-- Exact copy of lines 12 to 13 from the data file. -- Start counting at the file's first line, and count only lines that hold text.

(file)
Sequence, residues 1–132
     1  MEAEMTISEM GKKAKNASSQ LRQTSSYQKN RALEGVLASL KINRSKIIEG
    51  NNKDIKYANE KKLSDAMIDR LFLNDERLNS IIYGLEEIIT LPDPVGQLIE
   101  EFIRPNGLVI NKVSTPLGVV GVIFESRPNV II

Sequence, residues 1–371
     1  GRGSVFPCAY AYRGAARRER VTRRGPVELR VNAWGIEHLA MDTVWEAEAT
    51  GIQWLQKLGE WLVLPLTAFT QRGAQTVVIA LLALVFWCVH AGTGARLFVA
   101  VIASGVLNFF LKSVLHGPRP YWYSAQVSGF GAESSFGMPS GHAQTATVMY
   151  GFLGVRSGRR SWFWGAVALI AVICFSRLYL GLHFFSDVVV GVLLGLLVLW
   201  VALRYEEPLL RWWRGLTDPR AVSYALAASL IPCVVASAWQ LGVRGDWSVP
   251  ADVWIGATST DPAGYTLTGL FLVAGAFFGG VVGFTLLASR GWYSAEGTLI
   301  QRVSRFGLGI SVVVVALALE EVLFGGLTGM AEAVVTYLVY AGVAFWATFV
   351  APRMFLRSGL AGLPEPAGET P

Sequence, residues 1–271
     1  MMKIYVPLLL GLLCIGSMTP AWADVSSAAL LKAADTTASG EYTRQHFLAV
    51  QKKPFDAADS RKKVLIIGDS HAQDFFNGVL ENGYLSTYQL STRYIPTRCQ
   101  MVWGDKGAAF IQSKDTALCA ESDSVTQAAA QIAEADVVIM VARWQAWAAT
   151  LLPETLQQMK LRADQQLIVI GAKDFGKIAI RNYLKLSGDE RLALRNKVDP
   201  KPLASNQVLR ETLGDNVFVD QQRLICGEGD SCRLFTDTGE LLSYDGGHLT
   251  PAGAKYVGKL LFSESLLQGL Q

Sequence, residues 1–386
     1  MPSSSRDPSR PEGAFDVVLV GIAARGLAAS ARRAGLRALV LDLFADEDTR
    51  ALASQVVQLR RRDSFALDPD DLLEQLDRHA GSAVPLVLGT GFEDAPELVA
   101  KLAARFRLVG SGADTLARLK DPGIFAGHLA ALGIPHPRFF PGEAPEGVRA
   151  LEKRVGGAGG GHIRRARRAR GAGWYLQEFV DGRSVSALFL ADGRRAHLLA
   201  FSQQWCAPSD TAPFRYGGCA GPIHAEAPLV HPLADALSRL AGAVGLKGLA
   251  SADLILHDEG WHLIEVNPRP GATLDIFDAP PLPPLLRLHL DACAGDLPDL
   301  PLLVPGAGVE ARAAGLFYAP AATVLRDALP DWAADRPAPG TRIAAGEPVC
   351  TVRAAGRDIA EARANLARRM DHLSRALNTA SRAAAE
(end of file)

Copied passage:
   301  QRVSRFGLGI SVVVVALALE EVLFGGLTGM AEAVVTYLVY AGVAFWATFV
   351  APRMFLRSGL AGLPEPAGET P